Along the Trail

Day 1 of NaPoWriMo 2020

(Photo: Aashish Vaidya.  Image taken on a trail during early, foggy, but fine autumn morning.)


Along the Trail


Breeze carrying the fragrance of little white saucers with a purple stain along the trail

First the hailstorm, then a stream rushing down the rain drain, along the trail.


Runners and walkers, cyclists and skaters, everyone jockeying for position

Being social is natural, but physical distance we must maintain, along the trail.


A peacock preens its long iridescent train to attract a mate, that’s his nature.

A narcissus falling in love with his own reflection, that’s just vain (along the trail).


At peak hour, commuters ride shoulder to shoulder, earbuds to earbuds

All that glides on rails are empty carriages of an empty train, along the trail.


In the park, not too long ago, talented young poets exchanged rapid lines

All you hear now is ‘Mirage’ of rhythm and rhyme and tired, old refrain, along the trail.


Notes:  First day of NaPoWriMo 2020.  Today’s prompt is: “…write a self-portrait poem in which you make a specific action a metaphor for your life – one that typically isn’t done all that often, or only in specific circumstances. For example, bowling, or shopping for socks, or shoveling snow, or teaching a child to tie its shoes.”

So as much as I would like to be as active and go hiking, I seldom end up.  However, after working from home, all day, I’ve been hitting the neighborhood trail lot more often than usual.  Not sure, if that hits the prompt precisely.  Also, ghazal as a form is disjunctive. That is, the couplets are seldom thematically tied, hence, I don’t know how much of a self-portrait really emerges in the ten lines.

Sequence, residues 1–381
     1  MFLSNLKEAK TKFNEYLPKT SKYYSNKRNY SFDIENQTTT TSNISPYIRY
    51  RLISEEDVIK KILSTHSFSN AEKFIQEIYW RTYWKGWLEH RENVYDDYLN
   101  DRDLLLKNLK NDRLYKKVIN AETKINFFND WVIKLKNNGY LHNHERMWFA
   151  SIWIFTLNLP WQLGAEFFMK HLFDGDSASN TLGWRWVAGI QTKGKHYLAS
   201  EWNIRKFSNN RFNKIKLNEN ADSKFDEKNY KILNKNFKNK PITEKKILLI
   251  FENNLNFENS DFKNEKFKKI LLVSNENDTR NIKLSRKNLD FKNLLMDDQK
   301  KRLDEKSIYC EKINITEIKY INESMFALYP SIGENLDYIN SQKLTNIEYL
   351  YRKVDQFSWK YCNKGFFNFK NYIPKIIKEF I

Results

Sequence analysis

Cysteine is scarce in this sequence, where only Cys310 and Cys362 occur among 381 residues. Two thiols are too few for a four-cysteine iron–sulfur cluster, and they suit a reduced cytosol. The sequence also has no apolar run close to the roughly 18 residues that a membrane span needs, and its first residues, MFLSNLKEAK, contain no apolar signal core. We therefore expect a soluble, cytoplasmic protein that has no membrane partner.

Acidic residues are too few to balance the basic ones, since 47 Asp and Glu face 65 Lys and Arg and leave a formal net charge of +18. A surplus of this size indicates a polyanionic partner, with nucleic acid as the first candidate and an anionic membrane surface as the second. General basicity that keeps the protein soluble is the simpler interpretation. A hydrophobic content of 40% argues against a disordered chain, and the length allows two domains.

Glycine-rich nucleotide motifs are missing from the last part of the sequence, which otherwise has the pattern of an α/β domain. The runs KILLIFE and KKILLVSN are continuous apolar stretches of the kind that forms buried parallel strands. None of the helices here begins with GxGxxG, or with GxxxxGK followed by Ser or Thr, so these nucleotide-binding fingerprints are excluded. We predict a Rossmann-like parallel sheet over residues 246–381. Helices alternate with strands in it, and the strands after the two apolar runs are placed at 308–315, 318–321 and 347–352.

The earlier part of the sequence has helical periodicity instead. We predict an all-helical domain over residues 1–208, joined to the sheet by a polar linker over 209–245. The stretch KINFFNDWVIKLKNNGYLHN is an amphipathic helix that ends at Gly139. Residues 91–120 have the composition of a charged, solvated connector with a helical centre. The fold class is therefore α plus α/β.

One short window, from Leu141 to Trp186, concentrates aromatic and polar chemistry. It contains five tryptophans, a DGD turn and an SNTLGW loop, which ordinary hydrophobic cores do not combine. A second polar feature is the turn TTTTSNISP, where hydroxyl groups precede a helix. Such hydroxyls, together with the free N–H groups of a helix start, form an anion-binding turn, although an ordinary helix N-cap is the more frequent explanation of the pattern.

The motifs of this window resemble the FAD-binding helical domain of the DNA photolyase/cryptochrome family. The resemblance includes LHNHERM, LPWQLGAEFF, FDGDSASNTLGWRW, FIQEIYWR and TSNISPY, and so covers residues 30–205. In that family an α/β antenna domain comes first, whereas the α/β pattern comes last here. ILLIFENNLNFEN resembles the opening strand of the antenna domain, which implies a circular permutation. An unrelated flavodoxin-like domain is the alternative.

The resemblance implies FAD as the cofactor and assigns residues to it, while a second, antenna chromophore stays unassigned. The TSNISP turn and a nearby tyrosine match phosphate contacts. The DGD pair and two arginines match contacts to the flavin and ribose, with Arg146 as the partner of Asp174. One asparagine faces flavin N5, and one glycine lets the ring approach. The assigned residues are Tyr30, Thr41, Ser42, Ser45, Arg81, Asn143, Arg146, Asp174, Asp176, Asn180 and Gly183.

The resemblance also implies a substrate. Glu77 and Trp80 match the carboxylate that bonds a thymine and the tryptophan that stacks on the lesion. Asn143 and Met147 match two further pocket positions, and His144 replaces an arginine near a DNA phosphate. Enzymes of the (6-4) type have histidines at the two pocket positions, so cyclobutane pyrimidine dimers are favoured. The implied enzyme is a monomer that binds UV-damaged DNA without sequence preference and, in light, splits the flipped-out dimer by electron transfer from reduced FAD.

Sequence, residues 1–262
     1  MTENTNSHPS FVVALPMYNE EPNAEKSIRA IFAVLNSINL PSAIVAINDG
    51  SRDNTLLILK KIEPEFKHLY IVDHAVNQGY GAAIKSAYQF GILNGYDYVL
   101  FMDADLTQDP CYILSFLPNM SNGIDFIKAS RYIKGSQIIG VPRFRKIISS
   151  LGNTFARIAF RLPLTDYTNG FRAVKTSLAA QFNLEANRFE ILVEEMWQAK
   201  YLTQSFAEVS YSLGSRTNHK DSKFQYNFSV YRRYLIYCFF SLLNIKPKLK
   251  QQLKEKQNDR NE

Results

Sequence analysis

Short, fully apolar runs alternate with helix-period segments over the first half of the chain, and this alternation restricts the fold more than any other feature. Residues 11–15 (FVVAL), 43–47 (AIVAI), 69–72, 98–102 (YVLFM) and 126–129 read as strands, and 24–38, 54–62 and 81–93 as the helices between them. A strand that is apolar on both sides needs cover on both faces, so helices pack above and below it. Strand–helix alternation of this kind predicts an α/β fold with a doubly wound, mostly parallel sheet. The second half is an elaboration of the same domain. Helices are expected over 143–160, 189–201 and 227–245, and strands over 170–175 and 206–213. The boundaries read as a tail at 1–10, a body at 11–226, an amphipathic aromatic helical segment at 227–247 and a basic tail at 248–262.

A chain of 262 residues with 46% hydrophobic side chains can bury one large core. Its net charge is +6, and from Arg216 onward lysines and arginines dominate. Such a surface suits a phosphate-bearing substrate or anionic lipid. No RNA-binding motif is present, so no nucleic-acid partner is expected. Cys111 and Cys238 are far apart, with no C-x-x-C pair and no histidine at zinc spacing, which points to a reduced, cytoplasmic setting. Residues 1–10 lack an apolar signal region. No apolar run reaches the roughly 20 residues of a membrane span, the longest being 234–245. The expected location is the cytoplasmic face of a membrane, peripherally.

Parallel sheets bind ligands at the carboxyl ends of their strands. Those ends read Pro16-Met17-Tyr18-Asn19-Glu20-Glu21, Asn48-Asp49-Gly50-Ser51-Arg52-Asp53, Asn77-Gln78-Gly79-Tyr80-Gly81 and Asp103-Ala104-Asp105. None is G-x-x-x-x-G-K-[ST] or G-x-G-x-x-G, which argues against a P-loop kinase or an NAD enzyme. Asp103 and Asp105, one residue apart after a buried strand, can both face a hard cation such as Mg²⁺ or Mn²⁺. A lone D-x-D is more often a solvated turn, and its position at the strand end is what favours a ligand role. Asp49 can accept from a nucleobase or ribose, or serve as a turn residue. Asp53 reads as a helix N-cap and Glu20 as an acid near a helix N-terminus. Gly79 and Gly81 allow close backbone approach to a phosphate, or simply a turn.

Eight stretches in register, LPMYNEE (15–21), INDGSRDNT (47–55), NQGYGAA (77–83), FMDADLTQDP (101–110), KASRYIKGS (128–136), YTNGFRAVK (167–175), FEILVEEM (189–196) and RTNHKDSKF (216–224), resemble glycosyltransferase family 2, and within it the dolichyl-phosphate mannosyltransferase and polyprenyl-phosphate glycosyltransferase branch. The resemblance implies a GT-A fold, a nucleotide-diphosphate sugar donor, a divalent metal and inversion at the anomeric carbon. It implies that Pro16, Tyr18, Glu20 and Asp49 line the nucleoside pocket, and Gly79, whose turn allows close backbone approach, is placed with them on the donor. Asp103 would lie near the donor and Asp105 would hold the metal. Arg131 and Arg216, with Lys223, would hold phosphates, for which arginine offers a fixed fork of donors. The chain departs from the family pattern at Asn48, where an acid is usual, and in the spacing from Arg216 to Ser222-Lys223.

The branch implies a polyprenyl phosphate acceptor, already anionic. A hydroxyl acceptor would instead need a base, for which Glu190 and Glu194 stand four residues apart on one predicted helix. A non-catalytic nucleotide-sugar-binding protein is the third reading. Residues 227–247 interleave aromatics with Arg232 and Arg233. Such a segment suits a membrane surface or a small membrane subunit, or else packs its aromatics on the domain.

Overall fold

I have posted it a primer on ghazal, in case you want to know about the form.  The little, white saucers is a reference to saucer magnolias which seemed to be  blooming everywhere, and are amazingly fragrant.

Well 1 down.  29 more to go.  Happy writing!  Be safe, be healthy, be kind!

The Redwoods

Day 29 NaPoWriMo 2018

20140704-IMG_2919 LR

I keep my head in the clouds, Sylvia. I keep myself damp,
soaking in the moisture from the Pacific Ocean.
Why fear the ants and fire? I am resilient.

You do hear the Pacific Ocean in me,
Don’t you?
I am no void, I am life personified.

But, hate is on the rise.
Fake truths is what everyone is fixated on,
Lies make rounds like an eagle, hovering.

Day in and day out, I play sentry to the skies,
Let your wings grow, join me and feel
The calm, the silence.

Except when from below, the fossilized
Smoke rises and threatens my very existence
The rain instead of nurturing, pierces me.

Hundreds of years of sunrises and sunsets
Nurtured me as I become a sanctuary
The understory have tales to tell: the madrones, the fungi, the ferns.

I rise like a tower, forty stories above the ground
The fierce winds which were benign,
Now carries the seeds of my own mortality.

The fog, that served as my natural air conditioner
Now is devoid of moisture,
How would those berries grow and the bears be fed?

I shouldn’t care, why should I care?
Let it all self-destruct like you.
Give up this struggle – this desire to be loved.

But I have affinity to all those things that has a spark
A light that shines in me and I see in others
The same light that powers our sun and the stars.

Time flows, as it inevitably does,
I personify those that come and go,
Even it the scale is different for me and you.

If I am capable of longevity than my
Trunk and the top canopy will soak
In life from every leaf and every branch.

In the nectar of new dawn,
From the ashes the phoenix shall rise and will proclaim those virtues
That justify life, that justify life, that justify life.

Today’s prompt was:

And now for our daily prompt (optional, as always). Today, we’d like to challenge you to write a poem based on the Plath Poetry Project’s calendar. Simply pick a poem from the calendar, and then write a poem that responds or engages with your chosen Plath poem in some way.

I chose Sylvia Plath’s Poem Elm
I took the point of view of the Redwoods, to provide almost a counter-point, sort of an opposite poem to Plath.